5 Reasons Why Housing Finance Reform Can’t Wait

[Ed note: Last Thursday the Johnson Crapo housing finance reform bill was voted out of the Senate banking committee, 13-9, which was not enough to force a vote on the Senate floor or make its passage likely.]

If Congress doesn’t fix our housing finance system sooner rather than later, people all around the country will feel the pain. Why is a stable, liquid system for mortgages so important? It means that people can make housing choices based on life events, like having a baby, getting a job in a new city, or sending the last kid off to college. Buyers can lock their interest rate ahead of time, to avoid surprises at the closing table. Most importantly, sudden changes in the capital markets won’t prevent people from buying or selling a home, and there will be a steady supply of capital to create and preserve rental housing.

It may feel like what we have now, with Fannie Mae, Freddie Mac, and the Federal Housing Administration (FHA) backing more than 90 percent of new mortgages, is working. But it’s just a temporary patchwork left over from the end of the financial crisis, and it can’t do the job indefinitely. Here are five reasons why we need housing finance reform, posthaste:
First, it’s really hard to get a mortgage to buy a home. Lenders are still far more restrictive than Fannie, Freddie, or FHA guidelines allow. As Senator Elizabeth Warren observed at Thursday’s markup, “It’s harder to get a Fannie Mae or Freddie Mac mortgage now than it ever has been.” The average credit score for all purchase loans is still about 730, the same as it was last year. Regulatory changes can help, but until Congress provides certainty as to where housing finance is headed, don’t expect credit to ease up all that much.

Second, Fannie Mae and Freddie Mac have no capital cushion. All they have is a federal guarantee, which makes them and the housing finance system vulnerable. When (not if) we hit another economic downturn, Fannie and Freddie will likely need to call on the federal government for capital again. If that happens, political pressure to raise fees and restrict lending could slow down housing activity right when we need it the most for an economic recovery.

Third, multifamily housing finance shows that reform could be done right. Throughout and after the financial crisis, the multifamily operations of Fannie Mae and Freddie Mac provided liquid capital for new rental housing, and they turned a profit doing so. Their portfolios have maintained enviable default rates compared to single-family. Indeed, the multifamily section of the Senate Banking bill was largely uncontroversial, mostly because it relied on proven models for private capital to stand in front of government backing (for more detail, see my testimony to the Committee).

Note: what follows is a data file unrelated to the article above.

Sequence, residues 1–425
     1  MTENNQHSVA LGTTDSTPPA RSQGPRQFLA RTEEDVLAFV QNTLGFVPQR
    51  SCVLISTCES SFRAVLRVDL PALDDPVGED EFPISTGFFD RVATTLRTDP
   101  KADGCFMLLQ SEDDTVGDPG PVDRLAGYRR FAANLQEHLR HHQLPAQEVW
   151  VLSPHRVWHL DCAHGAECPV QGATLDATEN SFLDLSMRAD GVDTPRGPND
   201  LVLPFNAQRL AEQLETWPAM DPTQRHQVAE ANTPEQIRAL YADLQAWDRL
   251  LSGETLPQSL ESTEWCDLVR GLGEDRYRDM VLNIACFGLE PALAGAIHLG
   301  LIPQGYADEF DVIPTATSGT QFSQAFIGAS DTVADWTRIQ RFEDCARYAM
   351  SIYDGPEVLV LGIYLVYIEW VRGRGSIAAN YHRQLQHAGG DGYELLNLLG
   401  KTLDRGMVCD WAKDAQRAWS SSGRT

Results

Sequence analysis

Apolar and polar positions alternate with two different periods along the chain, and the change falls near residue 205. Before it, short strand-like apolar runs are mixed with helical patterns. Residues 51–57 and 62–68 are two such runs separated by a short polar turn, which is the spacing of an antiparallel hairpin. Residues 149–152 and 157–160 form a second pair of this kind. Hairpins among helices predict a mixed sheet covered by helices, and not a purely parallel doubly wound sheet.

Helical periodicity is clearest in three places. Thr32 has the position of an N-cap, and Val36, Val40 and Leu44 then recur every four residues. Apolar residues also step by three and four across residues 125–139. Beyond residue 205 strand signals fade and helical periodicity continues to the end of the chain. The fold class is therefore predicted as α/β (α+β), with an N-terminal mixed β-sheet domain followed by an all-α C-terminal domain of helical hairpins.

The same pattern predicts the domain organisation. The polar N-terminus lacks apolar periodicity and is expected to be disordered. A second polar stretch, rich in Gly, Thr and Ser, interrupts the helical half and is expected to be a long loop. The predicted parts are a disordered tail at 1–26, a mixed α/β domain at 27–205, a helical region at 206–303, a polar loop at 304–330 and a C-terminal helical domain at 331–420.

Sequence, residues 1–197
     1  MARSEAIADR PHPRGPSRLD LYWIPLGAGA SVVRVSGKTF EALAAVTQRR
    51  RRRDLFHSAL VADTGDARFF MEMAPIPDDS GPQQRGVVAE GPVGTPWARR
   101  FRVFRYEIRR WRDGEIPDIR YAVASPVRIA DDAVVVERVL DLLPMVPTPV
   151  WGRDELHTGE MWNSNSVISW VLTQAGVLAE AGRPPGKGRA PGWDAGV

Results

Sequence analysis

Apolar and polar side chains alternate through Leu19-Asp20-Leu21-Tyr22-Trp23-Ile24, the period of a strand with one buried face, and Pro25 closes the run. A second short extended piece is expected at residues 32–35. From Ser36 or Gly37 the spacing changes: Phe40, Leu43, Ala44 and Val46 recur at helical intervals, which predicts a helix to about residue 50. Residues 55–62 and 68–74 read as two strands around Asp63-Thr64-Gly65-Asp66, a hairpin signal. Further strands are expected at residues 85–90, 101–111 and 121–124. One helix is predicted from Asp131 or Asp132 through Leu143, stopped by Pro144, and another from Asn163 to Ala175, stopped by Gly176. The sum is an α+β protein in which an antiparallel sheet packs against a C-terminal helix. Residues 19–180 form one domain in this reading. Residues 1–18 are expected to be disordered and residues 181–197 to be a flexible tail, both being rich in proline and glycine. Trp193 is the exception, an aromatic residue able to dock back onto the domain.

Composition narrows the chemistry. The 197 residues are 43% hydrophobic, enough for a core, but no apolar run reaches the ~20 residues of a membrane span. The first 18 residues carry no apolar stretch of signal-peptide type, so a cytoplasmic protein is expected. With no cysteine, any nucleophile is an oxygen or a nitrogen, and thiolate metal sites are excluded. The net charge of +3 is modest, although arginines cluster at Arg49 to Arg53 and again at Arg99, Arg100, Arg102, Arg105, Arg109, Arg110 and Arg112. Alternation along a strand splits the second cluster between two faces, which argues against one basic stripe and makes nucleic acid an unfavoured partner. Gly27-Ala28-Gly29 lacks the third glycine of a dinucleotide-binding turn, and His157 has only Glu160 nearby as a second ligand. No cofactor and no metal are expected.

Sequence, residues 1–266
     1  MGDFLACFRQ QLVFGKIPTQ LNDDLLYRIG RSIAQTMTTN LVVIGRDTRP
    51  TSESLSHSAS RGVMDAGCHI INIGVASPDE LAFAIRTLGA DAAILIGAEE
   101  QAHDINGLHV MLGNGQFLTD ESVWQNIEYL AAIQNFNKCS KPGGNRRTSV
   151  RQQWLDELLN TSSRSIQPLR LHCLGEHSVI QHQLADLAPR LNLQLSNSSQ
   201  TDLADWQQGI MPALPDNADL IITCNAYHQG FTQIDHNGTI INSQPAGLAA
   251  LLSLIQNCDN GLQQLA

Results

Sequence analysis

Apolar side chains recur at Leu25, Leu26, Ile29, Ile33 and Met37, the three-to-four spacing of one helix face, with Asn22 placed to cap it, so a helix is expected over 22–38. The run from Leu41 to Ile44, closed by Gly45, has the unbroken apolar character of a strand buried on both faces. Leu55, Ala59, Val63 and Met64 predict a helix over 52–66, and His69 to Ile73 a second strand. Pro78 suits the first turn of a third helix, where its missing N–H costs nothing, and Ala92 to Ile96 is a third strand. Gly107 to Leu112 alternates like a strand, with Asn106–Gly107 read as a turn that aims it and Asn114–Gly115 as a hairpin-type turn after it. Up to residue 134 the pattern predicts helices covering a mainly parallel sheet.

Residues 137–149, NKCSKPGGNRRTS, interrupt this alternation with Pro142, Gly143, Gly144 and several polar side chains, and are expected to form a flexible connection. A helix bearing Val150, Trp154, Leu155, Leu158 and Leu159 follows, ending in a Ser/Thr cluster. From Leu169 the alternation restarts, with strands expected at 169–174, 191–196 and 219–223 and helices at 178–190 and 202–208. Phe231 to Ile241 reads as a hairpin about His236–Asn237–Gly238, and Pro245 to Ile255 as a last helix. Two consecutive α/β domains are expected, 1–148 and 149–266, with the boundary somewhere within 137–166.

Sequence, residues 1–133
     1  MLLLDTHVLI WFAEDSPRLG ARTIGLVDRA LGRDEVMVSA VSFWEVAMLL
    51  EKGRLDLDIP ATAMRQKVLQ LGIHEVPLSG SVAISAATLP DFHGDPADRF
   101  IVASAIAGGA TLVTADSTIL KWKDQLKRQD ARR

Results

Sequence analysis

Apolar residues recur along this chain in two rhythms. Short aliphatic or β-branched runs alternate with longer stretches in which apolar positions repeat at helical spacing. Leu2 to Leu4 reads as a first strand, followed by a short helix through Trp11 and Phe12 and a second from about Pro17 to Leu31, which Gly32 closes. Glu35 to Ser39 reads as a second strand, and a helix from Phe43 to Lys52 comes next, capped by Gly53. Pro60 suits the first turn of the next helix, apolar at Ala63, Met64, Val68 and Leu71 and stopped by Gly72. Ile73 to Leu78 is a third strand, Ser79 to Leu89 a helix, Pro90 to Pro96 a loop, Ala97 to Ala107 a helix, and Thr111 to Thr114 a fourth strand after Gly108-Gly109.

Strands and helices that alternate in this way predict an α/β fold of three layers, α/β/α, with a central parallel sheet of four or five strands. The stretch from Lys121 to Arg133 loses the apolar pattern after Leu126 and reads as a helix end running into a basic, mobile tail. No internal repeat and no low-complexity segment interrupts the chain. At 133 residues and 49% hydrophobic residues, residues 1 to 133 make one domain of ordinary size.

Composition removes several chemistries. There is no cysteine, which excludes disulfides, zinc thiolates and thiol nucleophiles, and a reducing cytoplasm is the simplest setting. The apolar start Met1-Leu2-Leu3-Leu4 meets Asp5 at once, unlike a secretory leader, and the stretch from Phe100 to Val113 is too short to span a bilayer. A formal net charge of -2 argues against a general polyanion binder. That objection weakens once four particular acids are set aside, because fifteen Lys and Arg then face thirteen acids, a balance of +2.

Fourth, Mel Watt is great, but he isn’t enough. There’s only so much the Federal Housing Finance Agency (FHFA), the conservator of Fannie Mae and Freddie Mac, can do. Watt, recently announced policy changes that move in a useful direction. But FHFA is at least three steps removed from any actual housing development (regulator of securitizers of loans originated for home purchase or refinance)—a lot of what he can do may be like pushing on a string. Watt has also made it clear that it is Congress’ job to define the future of housing finance, not his or his successor’s.

Fifth, housing finance reform could bring new affordable housing resources. The Senate bill includes a dedicated revenue stream to the National Housing Trust Fund, the Capital Magnet Fund, and a newly created Market Access Fund. The approximately $5 billion a year generated by a 10 basis point fee on mortgage backed securities would go a long way toward filling in the gaps in housing need that market forces don’t reach. They are not a substitute for a well-designed housing finance system that serves all, but they would be a great step forward for affordable housing.

That’s why Thursday’s vote in the Senate Banking Committee is so disappointing. To a person, all the Senators agreed that housing finance reform is needed. But the one bipartisan bill we’ve seen this year with a real chance of moving forward got only six Democrat and seven Republican votes out of twenty-two. Several Democrats raised real objections that they and their colleagues should address. The housing finance system must harness the creativity and energy of the private sector to provide homes for people across this country: in cities, suburbs, and rural areas; in houses, apartments, and manufactured homes; for old and young, renters and owners, singles and families, of all backgrounds. To accomplish that, the system must by design serve as broadly as possible, and there must be mechanisms to fill in the remaining gaps. 

NHC has put forth a set of principles to guide housing finance reform based on the need for change. But the only way we get there is for Congress to get back to work, either on this bill or another. The longer we wait, the worse things will get for housing.

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(Photo by Vijay Gunda CC BY-NC-SA)

Ethan Handelman is vice president for policy and advocacy at the National Housing Conference.

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